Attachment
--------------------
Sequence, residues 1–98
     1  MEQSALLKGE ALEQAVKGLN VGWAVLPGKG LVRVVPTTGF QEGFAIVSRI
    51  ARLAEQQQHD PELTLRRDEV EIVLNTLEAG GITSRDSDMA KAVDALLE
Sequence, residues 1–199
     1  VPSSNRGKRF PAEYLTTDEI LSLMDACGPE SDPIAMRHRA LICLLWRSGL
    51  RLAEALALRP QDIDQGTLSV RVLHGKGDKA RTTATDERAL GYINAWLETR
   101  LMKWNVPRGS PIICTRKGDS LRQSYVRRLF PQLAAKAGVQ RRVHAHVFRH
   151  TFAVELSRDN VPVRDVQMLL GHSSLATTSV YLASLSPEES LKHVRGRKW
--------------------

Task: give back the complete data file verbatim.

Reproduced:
Sequence, residues 1–98
     1  MEQSALLKGE ALEQAVKGLN VGWAVLPGKG LVRVVPTTGF QEGFAIVSRI
    51  ARLAEQQQHD PELTLRRDEV EIVLNTLEAG GITSRDSDMA KAVDALLE
Sequence, residues 1–199
     1  VPSSNRGKRF PAEYLTTDEI LSLMDACGPE SDPIAMRHRA LICLLWRSGL
    51  RLAEALALRP QDIDQGTLSV RVLHGKGDKA RTTATDERAL GYINAWLETR
   101  LMKWNVPRGS PIICTRKGDS LRQSYVRRLF PQLAAKAGVQ RRVHAHVFRH
   151  TFAVELSRDN VPVRDVQMLL GHSSLATTSV YLASLSPEES LKHVRGRKW